Approach With Caution

Mobile’s ability to sell aviation products and services are obvious. It’s how best to navigate this still relatively new landscape. In considering how to leverage mobile, be upfront about what you don’t know and put mobile through your regular vetting process. Just because it’s hot, doesn’t mean it gets a free pass.

Part of the challenge of mobile stems from the sheer infiniteness of mobile communication. Android, iPhone, iPad, Xoom. Smartphones, PDAs, tablets. There’s no standardized means to create and implement ads across all these devices. And then there’s the ongoing measurement struggle. With still no industry-approved standardized means for tracking, how do you determine which mobile sites deliver the most bang for your advertising buck?

With $20 million in mobile advertising revenue worldwide predicted for 2015 (a huge jump from 2010’s $1.6 million), mobile will find its rightful place. Mahi de Silva, CEO of mobile-ad company Admarvel, said it best in a recent blog post: “What took 10 years to really refine on desktop, mobile is pulling together in a year.”

Find the Edge and Sharpen with Emotion

Marketing aircraft has been more and more a discipline of margins. Narrow margins. Close tolerances. Edges. Aircraft in their respective classes compete closely on speed, cost of operation, comfort and dependability. Claims like “superior” and “first” depend on how you scale the comparison. And in this, aviation advertising is like most other advertising of very-high-involvement purchase decisions for highly evolved products.

All things being equal (at least in the mind of the prospect) what’s going to include you in the purchase decision? The pressure’s on the promotion part of the marketing mix to find that edge. Messaging and positioning can provide it.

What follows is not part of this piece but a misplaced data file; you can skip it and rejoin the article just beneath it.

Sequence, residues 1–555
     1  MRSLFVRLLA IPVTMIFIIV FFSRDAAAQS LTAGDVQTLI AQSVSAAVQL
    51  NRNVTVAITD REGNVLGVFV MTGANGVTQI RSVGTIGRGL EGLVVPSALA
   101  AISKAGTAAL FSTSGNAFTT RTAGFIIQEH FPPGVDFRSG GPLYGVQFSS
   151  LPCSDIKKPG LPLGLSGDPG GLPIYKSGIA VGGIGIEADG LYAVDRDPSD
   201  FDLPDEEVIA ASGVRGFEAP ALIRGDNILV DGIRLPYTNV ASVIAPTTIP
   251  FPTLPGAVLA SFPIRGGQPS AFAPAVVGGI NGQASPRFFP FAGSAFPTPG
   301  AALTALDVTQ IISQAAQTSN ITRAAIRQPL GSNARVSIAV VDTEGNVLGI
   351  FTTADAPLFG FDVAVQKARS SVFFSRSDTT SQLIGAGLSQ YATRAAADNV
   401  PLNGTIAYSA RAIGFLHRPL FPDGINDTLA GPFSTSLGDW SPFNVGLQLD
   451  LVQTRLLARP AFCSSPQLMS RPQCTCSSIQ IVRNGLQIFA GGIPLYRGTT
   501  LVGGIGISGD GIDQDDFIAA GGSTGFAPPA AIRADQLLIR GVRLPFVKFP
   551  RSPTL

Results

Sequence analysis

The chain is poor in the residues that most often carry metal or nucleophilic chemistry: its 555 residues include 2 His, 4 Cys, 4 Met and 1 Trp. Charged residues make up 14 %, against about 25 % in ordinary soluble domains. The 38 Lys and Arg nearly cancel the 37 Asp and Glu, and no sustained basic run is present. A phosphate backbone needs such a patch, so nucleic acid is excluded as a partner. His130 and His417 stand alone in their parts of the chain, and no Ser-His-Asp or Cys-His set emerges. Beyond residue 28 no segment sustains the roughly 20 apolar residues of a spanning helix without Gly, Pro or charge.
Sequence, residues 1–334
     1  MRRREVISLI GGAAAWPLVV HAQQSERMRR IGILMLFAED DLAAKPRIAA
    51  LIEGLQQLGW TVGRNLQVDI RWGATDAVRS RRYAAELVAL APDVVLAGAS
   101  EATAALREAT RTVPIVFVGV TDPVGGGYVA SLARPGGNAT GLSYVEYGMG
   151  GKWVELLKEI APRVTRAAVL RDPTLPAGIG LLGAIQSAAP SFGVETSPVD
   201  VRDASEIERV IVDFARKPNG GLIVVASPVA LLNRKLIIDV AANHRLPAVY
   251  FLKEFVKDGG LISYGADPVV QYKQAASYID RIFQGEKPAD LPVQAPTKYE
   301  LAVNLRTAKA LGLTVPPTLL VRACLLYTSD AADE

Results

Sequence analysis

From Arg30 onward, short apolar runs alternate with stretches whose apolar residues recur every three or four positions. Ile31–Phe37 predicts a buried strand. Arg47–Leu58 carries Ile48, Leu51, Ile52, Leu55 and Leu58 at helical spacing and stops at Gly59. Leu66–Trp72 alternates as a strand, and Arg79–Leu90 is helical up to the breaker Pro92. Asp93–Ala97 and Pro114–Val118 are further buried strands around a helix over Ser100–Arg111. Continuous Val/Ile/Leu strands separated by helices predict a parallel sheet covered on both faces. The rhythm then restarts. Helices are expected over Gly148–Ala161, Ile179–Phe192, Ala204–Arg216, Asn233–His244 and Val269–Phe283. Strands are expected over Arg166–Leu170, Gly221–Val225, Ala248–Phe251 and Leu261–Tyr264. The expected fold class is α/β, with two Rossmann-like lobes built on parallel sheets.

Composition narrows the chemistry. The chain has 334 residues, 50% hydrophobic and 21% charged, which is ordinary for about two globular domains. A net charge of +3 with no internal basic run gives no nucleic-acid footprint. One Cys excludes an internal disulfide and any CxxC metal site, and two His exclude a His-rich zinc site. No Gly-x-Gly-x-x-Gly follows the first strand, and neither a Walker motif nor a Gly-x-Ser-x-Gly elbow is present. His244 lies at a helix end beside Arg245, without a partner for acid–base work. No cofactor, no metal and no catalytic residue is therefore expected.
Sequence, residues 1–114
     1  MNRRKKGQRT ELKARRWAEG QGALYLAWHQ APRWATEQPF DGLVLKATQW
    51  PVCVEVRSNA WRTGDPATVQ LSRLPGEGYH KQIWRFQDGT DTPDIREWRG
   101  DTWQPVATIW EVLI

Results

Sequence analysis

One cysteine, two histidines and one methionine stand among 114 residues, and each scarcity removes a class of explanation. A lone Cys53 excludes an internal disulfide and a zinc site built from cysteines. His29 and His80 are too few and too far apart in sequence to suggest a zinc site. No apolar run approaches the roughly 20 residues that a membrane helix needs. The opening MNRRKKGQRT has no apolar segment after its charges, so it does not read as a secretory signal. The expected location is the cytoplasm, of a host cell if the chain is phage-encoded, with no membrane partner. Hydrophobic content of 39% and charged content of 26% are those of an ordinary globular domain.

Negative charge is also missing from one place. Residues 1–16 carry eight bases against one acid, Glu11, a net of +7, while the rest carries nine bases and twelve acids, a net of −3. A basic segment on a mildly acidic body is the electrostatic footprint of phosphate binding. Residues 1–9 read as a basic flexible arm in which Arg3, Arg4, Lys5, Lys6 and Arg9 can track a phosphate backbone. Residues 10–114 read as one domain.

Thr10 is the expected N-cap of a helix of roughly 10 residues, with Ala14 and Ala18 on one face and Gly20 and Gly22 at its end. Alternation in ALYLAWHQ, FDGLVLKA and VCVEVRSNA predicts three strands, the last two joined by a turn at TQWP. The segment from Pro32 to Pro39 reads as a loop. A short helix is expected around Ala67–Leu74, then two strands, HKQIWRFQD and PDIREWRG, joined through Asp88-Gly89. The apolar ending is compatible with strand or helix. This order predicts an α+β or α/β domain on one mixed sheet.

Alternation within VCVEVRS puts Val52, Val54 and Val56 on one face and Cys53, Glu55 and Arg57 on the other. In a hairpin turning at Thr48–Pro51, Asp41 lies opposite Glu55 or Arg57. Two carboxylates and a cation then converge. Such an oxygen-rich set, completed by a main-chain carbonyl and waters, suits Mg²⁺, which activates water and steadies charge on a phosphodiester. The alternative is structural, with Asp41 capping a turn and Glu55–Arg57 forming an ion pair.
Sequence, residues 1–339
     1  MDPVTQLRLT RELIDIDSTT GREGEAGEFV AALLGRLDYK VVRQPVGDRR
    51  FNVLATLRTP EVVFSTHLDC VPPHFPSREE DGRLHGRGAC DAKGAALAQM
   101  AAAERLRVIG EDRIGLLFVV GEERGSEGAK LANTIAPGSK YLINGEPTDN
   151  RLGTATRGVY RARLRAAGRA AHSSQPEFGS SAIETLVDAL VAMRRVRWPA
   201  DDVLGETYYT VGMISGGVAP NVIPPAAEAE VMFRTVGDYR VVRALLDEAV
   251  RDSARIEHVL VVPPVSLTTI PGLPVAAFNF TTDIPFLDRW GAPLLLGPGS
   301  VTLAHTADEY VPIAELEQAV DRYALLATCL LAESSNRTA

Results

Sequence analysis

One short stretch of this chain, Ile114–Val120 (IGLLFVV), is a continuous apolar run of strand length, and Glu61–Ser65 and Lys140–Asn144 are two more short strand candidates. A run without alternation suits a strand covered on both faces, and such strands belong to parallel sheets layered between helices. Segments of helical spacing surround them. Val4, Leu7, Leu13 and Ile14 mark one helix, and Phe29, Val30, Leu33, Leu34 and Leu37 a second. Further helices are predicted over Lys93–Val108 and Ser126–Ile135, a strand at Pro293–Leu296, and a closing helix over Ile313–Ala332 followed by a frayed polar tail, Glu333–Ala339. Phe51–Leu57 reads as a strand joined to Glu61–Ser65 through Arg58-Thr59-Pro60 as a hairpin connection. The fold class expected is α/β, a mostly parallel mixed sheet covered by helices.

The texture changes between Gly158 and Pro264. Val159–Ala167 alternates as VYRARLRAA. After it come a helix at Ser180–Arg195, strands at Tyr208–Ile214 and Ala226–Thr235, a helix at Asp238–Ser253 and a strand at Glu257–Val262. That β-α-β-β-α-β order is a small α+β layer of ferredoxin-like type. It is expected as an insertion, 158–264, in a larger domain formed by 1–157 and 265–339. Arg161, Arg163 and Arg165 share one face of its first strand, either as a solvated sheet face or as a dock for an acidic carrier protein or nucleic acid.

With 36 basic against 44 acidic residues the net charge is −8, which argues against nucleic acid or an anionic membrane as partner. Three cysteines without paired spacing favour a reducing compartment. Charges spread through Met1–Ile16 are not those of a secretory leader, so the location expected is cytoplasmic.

Setting Yourself Apart and Above the Competition

Here in the Air Capital of the World, our aircraft manufacturers have built more than 100 models and approximately 300,000 aircraft – from single-seat, open-cockpit biplanes flying at 3,500 feet to transatlantic jumbo jets that cruise at 39,000 feet and carry hundreds of passengers. Back in 1928 Wichita boasted 16 aircraft manufacturers. There are six here today: Airbus, Boeing, Bombardier Learjet, Cessna, Hawker Beechcraft, Spirit AeroSystems.

Airplane makers are as proud as manufacturers can be of a product, but they’re respectful of the competition. This makes it a decent and fun industry to work in and to promote. It also demands that the creative take the high road, or should I say the higher flight path? You don’t tear down the other guy. You focus on your strengths.

When looking for the edge that makes the difference, falling in love with the product is always a good start. As a marketer, align your heart with the passion the maker of the product feels. And put it out there.